|John F. Kennedy|
|39th President of the United States|
January 20, 1961 - January 20, 1969
|Preceded by:||Adlai Stevenson|
|Succeded by:||Richard Nixon|
|Vice President of the United States|
January 20, 1953 - January 20, 1961
|Preceded by:||Earl Warren|
|Succeded by:||Hubert Humphrey|
|United States Senator from Massachusetts|
January 3, 1947 - September 5, 1952
May 29 1917, Brookline, Massachusetts
|Died||August 15 1972, Hyannis Port, Massachusetts|
|Children:||Caroline, John, Patrick|
John Fitzgerald Kennedy was an American politician who served as Vice President (1953 - 1961) and 39th President of the United States (1961 - 1969).
Seen as a charismatic politician, he is best known for his influential speeches, and for governing America during a period of economic prosperity and social reform.
Early Political Career
1952 Presidential Election
The one term Senator from Massachusetts was certainly not a serious candidate for the Presidency in 1952, indeed, until Robert Taft became the presumptive republican nominee few Democrats actually began to consider the prospect of a Democratic President.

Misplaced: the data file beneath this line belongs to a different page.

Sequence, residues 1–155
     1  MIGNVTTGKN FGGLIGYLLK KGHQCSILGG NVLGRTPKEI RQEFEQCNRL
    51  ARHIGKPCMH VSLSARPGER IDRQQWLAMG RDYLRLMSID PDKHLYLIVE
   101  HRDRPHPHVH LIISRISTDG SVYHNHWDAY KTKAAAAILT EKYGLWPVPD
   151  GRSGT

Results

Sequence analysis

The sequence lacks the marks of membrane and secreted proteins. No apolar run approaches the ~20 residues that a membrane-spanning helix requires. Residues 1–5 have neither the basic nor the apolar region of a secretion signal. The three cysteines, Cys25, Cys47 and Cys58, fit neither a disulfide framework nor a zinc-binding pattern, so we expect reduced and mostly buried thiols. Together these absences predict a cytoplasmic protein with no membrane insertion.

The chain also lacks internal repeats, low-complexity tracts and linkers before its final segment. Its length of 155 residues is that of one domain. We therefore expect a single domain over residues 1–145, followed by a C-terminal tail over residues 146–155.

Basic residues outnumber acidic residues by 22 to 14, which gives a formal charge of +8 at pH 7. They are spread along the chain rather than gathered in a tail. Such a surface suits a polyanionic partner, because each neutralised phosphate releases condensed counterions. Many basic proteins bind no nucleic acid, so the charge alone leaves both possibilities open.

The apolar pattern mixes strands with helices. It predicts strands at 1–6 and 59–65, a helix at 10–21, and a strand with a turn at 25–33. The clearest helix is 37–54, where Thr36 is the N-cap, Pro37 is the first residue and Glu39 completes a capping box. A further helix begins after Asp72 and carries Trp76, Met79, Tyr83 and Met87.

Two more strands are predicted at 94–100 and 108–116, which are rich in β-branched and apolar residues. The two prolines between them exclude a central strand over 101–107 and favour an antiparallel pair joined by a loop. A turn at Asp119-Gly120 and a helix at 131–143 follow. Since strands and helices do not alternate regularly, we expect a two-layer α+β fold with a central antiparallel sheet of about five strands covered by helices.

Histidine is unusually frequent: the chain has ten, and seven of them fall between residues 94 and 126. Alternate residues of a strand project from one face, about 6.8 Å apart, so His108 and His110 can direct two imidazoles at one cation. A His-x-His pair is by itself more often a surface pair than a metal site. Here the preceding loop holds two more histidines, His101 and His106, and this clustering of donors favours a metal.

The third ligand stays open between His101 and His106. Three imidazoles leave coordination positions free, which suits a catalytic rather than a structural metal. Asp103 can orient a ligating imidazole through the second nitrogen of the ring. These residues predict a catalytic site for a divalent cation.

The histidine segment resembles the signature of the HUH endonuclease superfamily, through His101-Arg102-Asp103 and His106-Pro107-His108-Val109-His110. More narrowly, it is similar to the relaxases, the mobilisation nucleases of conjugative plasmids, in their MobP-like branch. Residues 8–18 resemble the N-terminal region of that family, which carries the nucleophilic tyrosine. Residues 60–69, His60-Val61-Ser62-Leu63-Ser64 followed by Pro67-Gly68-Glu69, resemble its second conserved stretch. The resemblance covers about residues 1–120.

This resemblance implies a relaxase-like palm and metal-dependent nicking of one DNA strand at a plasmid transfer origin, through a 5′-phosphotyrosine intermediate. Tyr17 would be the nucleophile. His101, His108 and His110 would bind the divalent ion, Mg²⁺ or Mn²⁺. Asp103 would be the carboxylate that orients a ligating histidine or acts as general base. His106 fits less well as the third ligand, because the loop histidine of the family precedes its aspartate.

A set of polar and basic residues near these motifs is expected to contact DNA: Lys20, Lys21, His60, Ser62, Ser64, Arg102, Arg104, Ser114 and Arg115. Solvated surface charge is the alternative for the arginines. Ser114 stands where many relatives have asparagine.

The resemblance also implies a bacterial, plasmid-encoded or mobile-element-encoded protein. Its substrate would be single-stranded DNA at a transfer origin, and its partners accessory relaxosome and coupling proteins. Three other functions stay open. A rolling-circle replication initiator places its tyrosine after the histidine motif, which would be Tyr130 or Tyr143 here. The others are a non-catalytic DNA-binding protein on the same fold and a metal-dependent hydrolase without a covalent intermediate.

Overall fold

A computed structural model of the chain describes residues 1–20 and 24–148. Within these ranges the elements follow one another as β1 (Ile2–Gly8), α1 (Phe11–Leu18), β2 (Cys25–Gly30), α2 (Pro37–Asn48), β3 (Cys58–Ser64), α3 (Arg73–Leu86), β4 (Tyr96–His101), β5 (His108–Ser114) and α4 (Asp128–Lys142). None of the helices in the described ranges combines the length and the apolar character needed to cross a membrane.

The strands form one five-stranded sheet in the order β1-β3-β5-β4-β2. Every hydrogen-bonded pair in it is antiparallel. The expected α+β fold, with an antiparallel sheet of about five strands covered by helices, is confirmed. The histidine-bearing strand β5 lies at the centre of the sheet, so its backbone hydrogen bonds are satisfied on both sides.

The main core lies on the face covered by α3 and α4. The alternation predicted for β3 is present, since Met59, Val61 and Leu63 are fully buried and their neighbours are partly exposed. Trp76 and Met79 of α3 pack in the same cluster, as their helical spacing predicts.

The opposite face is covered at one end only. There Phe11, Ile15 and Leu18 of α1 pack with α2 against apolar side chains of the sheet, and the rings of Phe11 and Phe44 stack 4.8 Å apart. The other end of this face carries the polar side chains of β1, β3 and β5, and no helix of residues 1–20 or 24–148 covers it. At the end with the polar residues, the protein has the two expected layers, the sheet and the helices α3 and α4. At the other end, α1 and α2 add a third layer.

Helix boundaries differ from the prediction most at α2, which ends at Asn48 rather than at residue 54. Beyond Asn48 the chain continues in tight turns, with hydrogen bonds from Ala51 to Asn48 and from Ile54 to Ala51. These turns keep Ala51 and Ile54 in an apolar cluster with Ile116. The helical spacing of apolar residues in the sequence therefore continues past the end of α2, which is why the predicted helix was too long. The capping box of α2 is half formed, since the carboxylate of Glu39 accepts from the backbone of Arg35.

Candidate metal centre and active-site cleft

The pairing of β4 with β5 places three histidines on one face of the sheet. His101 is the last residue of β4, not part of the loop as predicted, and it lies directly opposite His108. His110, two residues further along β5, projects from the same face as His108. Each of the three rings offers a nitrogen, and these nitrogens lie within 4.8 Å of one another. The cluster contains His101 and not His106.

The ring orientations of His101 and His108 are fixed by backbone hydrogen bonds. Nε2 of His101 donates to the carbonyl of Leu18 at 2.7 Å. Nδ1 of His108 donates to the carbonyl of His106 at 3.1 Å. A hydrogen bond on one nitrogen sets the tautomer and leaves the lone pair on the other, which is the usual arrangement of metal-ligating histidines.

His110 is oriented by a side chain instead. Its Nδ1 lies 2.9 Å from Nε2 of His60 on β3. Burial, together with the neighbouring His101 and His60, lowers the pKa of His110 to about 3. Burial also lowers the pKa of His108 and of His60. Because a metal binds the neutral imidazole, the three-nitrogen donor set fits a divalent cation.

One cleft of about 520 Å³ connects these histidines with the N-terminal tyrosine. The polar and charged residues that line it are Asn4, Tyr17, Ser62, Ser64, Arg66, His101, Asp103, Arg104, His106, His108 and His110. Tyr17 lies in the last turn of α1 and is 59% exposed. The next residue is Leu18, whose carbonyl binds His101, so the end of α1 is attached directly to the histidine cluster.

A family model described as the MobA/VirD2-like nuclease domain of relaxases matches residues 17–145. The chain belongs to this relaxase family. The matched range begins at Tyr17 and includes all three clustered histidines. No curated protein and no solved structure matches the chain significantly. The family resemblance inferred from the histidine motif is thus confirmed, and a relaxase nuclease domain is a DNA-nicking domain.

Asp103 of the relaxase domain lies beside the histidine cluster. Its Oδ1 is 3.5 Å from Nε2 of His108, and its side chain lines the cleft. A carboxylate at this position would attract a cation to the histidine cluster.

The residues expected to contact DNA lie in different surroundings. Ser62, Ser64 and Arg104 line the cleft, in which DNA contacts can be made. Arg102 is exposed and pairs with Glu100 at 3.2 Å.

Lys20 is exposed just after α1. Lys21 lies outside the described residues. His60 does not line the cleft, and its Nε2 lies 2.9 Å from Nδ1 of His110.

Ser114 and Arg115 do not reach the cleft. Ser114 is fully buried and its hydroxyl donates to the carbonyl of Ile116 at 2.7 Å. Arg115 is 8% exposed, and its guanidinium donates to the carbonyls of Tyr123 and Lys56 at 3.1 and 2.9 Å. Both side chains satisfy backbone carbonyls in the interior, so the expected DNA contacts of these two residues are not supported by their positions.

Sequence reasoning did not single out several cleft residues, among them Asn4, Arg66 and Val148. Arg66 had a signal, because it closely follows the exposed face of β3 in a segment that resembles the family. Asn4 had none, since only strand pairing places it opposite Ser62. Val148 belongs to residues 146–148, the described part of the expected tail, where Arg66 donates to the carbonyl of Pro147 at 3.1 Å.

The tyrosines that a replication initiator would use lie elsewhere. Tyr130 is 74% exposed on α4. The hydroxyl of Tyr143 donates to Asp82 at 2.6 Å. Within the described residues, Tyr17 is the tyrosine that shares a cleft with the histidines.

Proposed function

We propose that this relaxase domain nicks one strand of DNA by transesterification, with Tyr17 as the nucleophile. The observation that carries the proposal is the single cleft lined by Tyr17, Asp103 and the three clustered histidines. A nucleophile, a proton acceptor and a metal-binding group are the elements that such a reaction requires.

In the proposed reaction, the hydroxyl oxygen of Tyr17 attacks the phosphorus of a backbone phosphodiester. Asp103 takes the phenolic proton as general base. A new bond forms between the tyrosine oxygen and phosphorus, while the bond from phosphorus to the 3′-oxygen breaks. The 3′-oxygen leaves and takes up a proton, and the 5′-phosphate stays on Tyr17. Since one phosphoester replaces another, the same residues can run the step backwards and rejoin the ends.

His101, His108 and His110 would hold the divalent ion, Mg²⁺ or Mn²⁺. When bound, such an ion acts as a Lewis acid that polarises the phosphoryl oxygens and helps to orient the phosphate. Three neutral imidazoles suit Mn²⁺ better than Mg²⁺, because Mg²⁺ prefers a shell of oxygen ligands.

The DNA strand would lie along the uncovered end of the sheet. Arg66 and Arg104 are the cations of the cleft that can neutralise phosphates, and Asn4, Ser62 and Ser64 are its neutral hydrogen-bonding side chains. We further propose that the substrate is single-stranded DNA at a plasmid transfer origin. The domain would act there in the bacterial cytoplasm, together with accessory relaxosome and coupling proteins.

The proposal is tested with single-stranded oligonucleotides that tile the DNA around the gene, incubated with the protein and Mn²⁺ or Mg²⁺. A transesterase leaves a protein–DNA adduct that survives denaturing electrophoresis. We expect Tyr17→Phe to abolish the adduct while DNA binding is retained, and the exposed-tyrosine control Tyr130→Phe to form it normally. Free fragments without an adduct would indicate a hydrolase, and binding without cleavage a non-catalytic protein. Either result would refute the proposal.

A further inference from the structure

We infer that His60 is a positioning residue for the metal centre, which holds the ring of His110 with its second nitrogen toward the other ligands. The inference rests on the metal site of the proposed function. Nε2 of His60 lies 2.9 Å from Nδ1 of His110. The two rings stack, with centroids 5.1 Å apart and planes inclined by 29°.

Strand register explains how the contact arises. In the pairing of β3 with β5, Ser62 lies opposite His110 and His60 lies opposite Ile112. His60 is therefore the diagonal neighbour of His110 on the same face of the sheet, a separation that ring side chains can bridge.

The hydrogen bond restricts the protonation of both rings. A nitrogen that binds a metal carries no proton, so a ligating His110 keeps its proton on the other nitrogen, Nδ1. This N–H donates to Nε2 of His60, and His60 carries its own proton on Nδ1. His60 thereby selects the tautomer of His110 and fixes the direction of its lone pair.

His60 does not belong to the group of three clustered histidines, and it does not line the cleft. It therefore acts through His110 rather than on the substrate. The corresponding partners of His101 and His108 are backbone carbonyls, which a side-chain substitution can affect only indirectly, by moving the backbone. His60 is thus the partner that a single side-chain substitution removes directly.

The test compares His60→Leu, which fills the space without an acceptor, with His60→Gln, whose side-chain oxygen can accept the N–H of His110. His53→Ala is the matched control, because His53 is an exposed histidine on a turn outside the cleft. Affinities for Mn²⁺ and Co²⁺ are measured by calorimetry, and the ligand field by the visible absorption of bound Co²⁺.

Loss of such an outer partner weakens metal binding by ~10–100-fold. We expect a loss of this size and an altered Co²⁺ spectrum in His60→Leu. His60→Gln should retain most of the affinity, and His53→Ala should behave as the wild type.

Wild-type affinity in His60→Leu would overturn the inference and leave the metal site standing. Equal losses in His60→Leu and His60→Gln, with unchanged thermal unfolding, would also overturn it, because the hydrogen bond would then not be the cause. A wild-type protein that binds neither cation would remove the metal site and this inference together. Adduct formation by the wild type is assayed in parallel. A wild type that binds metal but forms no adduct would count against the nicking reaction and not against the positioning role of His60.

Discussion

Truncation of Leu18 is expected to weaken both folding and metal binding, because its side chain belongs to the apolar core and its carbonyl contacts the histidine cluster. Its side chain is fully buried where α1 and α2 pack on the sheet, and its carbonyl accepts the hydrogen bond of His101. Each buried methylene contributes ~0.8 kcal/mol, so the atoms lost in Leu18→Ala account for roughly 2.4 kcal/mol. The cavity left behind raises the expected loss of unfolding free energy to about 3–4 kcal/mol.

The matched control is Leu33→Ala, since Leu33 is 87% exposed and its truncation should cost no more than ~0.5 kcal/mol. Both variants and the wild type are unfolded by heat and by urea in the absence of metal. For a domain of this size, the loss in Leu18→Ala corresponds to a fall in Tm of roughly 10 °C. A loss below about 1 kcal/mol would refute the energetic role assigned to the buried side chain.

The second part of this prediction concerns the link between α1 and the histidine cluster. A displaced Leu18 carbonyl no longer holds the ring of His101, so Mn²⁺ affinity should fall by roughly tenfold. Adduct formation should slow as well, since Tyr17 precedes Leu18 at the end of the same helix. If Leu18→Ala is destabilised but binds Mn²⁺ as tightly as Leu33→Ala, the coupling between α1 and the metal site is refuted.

After Stevenson had secured the nomination
1960 Presidential Election
Main Article: United States presidential election, 1960 Despite the fact that he was the incumbent Vice President, and a popular political figure, Kennedy faced opposition from other democratic candidates, Hubert Humphrey and Wayne Morse.
1964 Presidential Election
Unlike 1960 Kennedy faced no opposition for the democratic nomination, and spent much of the campaign campaigning against the republican frontrunner Nelson Rockefeller.
After his presidency his addisons disease - which he had been able to disguise during his period in thei white house - grew more evident.